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The man at the center of Italy’s most heartbreaking recent events – Matteo Messina Denaro – has been on the run from law enforcement since June, 1993. He’s considered to have been the mastermind behind the massacres of judges Giovanni Falcone and Paolo Borsellino in 1992, and behind deadly bombings in Rome, Florence and Milan in the spring of 1993. With hundreds of people and millions of euro being spent to catch him, Matteo Messina Denaro is the most important and elusive Mafia fugitive, the last Cosa Nostra boss still at large.

Many of the MHz Choice Italian titles deal with the shadow cast by Denaro. Giovanni Falcone and Borsellino: The 57 Days show the steely resolve on the part of the Sicilian justice system to undo the Mafia’s grip on the island’s people and its economy. The Anti-Mafia Squad depicts the undercover work and wiretapping employed by special squads to try to infiltrate the mob. In the docu-drama The Last Godfather, Bernardo Provenzano (Michele Placido) speaks prophetically of the Mafia’s need to reinvent itself by enlisting the help of middle-class businessmen and politicians. That is exactly what Matteo Messina Denaro pulled off in real life and may be the reason why he is still uncaptured today.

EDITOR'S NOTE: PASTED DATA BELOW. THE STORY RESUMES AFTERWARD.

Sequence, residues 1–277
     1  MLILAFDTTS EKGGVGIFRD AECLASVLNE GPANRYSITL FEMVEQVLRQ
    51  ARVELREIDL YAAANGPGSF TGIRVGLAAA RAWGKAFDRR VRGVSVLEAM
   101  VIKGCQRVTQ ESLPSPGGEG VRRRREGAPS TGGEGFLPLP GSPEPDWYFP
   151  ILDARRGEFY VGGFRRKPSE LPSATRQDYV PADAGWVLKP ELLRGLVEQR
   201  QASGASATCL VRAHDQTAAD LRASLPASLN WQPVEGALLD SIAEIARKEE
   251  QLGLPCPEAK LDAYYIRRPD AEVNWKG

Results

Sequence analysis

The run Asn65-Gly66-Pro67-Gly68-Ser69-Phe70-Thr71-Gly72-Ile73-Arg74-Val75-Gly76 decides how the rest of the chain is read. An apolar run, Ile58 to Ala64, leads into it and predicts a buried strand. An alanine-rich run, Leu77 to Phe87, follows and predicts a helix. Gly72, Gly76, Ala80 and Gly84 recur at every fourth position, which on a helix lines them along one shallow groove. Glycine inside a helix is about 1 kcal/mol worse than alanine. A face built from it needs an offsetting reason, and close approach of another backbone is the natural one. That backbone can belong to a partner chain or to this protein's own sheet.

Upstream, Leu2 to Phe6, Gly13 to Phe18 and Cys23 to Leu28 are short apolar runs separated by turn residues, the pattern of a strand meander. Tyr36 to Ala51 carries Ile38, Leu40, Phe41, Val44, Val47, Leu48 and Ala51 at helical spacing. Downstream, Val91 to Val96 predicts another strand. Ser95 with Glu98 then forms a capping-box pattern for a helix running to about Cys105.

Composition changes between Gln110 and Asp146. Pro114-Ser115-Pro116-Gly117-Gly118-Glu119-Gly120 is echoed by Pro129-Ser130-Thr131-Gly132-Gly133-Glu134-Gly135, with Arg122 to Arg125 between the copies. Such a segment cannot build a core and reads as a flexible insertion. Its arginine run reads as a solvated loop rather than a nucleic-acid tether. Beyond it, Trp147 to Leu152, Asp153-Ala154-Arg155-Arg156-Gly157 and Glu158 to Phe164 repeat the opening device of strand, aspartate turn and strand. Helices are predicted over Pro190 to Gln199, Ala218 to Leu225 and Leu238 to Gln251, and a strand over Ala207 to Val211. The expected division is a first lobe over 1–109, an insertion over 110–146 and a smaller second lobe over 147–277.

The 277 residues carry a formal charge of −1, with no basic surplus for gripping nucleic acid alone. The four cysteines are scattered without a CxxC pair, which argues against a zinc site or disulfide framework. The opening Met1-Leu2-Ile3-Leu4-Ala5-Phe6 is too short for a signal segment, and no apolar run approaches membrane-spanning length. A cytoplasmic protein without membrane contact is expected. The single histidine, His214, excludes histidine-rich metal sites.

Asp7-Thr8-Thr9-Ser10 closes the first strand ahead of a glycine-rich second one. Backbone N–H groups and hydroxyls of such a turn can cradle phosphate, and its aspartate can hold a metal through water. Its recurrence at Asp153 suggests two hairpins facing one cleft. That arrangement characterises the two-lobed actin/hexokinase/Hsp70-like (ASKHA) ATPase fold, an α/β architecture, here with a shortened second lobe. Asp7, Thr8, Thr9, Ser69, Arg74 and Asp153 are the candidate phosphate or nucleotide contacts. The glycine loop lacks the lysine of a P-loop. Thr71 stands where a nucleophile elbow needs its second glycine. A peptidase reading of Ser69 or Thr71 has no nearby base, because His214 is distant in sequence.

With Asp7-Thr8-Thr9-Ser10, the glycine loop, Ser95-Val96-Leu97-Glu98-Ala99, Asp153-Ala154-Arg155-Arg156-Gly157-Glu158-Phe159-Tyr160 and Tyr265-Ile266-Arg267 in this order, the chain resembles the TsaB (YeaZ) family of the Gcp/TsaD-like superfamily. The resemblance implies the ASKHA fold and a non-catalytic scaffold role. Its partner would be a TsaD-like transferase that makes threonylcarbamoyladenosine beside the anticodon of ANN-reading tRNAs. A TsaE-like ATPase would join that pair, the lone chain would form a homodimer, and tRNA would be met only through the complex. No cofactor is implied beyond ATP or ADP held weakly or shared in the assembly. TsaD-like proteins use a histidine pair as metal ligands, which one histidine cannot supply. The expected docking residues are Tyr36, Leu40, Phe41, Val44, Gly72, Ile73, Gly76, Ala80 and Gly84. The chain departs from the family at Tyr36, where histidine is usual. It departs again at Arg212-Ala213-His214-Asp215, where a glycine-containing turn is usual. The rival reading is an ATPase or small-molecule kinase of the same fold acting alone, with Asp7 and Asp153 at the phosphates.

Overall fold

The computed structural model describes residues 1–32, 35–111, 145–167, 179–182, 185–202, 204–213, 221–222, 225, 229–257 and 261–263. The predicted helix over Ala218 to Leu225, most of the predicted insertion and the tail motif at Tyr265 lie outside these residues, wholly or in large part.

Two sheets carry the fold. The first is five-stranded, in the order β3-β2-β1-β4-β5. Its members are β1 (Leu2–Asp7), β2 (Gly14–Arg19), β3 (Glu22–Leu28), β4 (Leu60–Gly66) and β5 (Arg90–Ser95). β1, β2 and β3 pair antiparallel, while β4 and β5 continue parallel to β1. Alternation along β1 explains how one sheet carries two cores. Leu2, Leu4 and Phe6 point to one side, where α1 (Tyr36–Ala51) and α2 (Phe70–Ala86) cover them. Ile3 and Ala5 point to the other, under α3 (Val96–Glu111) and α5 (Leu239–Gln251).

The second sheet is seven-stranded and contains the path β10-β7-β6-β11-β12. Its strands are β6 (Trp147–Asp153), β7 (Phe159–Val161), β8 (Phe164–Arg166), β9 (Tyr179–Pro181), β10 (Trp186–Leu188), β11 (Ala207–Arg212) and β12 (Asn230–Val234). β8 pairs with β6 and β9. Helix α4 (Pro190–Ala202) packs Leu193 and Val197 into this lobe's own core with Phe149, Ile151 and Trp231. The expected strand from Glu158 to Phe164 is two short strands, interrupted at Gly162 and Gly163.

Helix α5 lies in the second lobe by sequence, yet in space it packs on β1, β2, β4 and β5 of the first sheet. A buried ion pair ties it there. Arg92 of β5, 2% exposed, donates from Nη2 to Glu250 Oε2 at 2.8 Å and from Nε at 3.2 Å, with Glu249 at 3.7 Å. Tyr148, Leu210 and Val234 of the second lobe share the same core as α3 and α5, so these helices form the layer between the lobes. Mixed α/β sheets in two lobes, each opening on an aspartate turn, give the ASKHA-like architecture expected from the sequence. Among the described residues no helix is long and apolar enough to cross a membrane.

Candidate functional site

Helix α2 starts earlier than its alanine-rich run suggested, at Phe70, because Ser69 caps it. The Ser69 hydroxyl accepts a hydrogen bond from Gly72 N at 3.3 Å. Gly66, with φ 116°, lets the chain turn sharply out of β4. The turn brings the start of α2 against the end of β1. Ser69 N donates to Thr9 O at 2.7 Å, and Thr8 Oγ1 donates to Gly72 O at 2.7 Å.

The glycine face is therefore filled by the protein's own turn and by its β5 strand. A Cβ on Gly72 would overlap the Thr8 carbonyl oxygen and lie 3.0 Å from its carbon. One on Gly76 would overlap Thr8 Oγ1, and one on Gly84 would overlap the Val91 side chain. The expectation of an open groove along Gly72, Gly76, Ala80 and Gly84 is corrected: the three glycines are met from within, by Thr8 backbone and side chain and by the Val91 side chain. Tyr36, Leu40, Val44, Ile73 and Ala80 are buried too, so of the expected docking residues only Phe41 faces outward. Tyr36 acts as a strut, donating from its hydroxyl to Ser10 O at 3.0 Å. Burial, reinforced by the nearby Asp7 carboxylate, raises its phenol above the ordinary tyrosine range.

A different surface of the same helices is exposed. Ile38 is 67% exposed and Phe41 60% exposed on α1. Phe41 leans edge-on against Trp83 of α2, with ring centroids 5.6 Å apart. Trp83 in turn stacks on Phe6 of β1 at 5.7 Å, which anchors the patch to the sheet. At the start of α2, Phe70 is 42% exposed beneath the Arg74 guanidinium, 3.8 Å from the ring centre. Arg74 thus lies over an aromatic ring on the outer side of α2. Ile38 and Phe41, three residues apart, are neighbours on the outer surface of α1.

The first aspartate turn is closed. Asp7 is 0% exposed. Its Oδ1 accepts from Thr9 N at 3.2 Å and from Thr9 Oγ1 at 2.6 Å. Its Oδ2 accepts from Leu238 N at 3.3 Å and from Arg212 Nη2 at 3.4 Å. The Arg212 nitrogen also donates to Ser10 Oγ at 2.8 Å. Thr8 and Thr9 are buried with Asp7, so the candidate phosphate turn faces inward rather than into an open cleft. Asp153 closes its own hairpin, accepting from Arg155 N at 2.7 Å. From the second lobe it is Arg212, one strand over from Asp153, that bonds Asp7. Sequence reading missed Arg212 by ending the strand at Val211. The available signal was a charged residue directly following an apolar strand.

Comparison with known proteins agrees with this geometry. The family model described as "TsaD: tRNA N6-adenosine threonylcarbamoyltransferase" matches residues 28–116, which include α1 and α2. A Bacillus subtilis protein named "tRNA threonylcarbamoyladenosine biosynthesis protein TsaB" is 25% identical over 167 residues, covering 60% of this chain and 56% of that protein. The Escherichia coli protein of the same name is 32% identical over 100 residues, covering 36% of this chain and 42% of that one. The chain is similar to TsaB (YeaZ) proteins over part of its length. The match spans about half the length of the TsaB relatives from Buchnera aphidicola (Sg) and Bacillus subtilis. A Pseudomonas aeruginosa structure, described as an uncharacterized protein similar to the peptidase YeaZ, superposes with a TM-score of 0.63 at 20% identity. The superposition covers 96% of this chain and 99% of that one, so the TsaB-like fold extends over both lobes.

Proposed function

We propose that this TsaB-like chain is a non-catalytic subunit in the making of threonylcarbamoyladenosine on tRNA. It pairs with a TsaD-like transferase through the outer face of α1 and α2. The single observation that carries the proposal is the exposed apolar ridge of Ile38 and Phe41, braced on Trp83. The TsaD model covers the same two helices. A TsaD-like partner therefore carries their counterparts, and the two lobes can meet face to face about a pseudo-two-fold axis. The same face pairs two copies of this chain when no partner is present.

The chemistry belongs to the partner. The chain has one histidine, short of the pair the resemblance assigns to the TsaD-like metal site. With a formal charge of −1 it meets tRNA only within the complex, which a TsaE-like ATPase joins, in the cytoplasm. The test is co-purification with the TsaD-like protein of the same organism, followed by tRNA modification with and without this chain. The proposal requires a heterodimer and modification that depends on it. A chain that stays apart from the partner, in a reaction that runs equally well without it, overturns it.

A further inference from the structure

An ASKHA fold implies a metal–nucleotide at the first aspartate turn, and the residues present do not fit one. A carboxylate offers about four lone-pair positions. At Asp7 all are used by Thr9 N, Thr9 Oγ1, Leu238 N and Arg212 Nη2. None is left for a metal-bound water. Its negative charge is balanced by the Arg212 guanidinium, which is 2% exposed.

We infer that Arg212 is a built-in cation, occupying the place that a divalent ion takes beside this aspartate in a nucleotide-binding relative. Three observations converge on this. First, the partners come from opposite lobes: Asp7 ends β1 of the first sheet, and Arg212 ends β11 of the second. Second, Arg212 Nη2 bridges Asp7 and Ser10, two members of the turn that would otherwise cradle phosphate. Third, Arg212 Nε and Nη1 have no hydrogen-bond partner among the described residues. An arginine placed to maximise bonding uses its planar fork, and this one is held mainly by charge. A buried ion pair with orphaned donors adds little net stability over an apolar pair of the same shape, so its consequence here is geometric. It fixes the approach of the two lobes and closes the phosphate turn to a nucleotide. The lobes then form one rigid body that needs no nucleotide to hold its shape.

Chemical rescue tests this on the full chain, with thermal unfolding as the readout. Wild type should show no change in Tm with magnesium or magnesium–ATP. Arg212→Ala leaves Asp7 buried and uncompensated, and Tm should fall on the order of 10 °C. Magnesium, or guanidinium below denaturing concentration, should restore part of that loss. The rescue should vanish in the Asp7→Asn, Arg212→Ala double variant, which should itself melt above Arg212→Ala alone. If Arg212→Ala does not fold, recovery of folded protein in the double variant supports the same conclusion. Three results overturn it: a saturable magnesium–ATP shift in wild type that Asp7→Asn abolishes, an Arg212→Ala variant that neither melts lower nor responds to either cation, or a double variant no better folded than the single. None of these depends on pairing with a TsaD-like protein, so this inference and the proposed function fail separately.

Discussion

The 2014 documentary Matteo Messina Denaro methodically examines Denaro’s role in building the successful modern-day Mafia, and the lengths to which friends and family have gone in keeping him free. It recounts the rash of massacres that began in 1992, followed by an eerie time of quiet. It presents candid interviews with key players: judges, prosecutors and businessmen, all directly involved in the chase for Messina or who felt his impact. It raises questions that anyone reading the newspaper in Italy over the last 30 years has asked: were the massacres direct reprisals for the mass roundups of Mafiosi and businessmen brought about by Falcone and his colleagues? Did the bombings stop because a deal was struck behind the scenes to keep kingpins from serving time in the harsher prisons?

26 years after her friend was killed at the age of 22 in the bombing in Florence, Giovanna Maggiani Chelli still hasn’t lost her sense of indignation at the state’s inability to haul Denaro in and close the case.

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